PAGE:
In this dissertation we describe several new directions in the field of x-ray photoelectron spectroscopy, with a particular focus on the enhancement and control of the depth sensitivity and selectivity of the measurement. Enhancement of the depth sensitivity is achieved by going to higher photon energies with hard x-ray excitation and taking advantage of the resulting larger electron inelastic mean-free paths. This novel approach provides a more accurate picture of bulk electronic structure, when compared to the traditional soft x-ray photoelectron spectroscopy (XPS) which, for some systems, may be too strongly influenced by surface effects. We present three case-studies wherein such hard x-ray photoelectron spectroscopy (HAXPES) in the multi-keV regime is used to probe the bulk properties of complex thin-film materials, which would be otherwise impossible to investigate using conventional soft x-ray XPS. Namely, (1) we directly observe the opening of a semiconducting gap in epitaxial Cr0.80Al0.20 alloy thin films and confirm this with theory, (2) we study the electronic and structural properties of near-Heusler FexSi1-x alloy thin films of various composition and degrees of crystallinity, and (3) we observe the Mott metal-to-insulator transition in the ultra-thin epitaxial LaNiO3 films via core-level and valence-band spectroscopies. By performing the experiments at the photon energy of 5.95 keV, the bulk-sensitivity of the measurements, characterized by the inelastic mean-free path of the photoemitted electrons, is enhanced by a factor of 4–7 compared to the conventional soft x-ray photoelectron spectroscopy. The experimental results are compared to calculations performed using various first-principle theoretical approaches, such as the density-functional theory and the one-step theory of photoemission. Furthermore, we present the first results of hard x-ray angle-resolved photoemission measurements (HARPES), at excitation energies of 3.24 and 5.95 keV.
In a second aspect of this dissertation, depth selectivity is achieved by setting-up an x-ray standing wave field in the sample by growing it on a synthetic periodic multilayer mirror substrate, which in first-order Bragg reflection acts as the standing-wave generator. The antinodes of the standing wave function as "epicenters" for photoemission, and can be moved in the direction perpendicular to the sample surface by either scanning the incidence angle &thetas;inc, or the photon energy through the Bragg condition. Alternatively, provided that one of the underlying layers in the structure is grown in a shape of a wedge with varying thickness, the standing wave can be scanned vertically though the sample simply by moving the sample laterally under the x-ray measurement spot. We present the first study in which the chemical and electronic-structure profiles of a magnetic tunnel junction La 0.7Sr0.3MnO3/SrTiO3 (LSMO/STO) have been quantitatively determined by a combination of soft and hard x-ray standing-wave excited photoemission. By comparing experiment to x-ray optical calculations, the detailed chemical profile of the constituent layers and their interfaces is quantitatively derived with Ångstrom precision. Combined with core-hole multiplet theory incorporating Jahn-Teller distortion, these results indicate a change in the Mn bonding state near the LSMO/STO interface. Our results thus further clarify the reduced performance of LSMO/STO magnetic tunnel junction compared to ideal theoretical expectations.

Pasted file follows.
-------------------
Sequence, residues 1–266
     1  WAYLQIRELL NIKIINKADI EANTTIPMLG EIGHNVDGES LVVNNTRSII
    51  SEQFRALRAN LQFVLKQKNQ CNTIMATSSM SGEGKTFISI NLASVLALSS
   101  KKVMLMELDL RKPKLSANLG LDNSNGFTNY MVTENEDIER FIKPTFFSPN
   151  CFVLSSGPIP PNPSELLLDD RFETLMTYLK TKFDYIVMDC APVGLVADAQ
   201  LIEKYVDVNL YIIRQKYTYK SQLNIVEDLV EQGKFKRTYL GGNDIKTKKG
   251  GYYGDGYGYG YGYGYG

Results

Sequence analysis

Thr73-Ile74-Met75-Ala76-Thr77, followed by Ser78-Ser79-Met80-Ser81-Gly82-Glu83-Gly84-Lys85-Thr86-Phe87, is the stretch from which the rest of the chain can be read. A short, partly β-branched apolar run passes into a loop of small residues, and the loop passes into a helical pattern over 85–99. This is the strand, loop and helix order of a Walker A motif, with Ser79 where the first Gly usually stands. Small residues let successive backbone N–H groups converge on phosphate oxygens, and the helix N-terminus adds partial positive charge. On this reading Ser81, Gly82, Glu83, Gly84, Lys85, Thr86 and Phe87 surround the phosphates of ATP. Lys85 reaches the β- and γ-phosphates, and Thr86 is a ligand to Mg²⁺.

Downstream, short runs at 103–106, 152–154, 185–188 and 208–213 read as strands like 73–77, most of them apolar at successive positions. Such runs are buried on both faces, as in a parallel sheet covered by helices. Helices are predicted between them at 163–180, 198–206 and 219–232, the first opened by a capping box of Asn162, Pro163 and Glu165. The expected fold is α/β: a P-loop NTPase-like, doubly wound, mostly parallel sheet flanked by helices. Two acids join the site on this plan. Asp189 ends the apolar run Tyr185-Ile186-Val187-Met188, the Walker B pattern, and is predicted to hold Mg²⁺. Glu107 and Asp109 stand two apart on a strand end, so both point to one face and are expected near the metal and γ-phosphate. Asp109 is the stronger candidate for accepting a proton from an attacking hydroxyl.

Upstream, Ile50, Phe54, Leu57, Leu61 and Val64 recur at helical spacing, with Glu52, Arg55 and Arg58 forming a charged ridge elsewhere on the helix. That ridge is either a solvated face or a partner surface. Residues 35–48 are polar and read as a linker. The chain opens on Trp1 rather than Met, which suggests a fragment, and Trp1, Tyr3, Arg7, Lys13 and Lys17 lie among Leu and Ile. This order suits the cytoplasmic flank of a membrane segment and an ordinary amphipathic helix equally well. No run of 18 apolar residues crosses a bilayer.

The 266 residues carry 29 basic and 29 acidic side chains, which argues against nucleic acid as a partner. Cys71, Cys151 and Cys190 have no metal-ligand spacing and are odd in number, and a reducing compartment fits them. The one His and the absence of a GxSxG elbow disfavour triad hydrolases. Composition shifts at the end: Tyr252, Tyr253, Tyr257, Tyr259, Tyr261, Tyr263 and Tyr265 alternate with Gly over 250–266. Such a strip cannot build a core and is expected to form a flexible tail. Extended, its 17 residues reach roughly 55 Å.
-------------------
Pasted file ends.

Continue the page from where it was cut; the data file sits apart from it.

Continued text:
Finally, we demonstrate the addition of depth resolution to the usual two-dimensional images in photoelectron emission microscopy (PEEM) as a further aspect of standing-wave photoemission. We show that standing-wave excited photoelectron microscopy can be used to produce element-specific and depth-selective images of patterned samples. In conjunction with x-ray optical theoretical modeling, quantitative information about the depth-dependent chemical composition of the sample can be extracted from the photoemission data. The good agreement between our experimental results and model calculations suggests that future studies with better spatial and spectral resolution will also yield more detailed information about the interfacial regions. This addition of quantitative depth selectivity to the conventional laterally-resolved soft x-ray photoelectron emission microscopy thus should considerably enhance the capabilities of the PEEM as a research, development and metrology tool for science and industry. (Abstract shortened by UMI.)
|Advisor:||Fadley, Charles S.|
|Commitee:||Liu, Kai, Pickett, Warren E.|
|School:||University of California, Davis|
|School Location:||United States -- California|
|Source:||DAI-B 73/07(E), Dissertation Abstracts International|
|Subjects:||Physical chemistry, Nuclear physics, Materials science|
|Keywords:||Electronic structure, Photoemission, Spintronics, Strongly-correlated materials, Synchrotron radiation|
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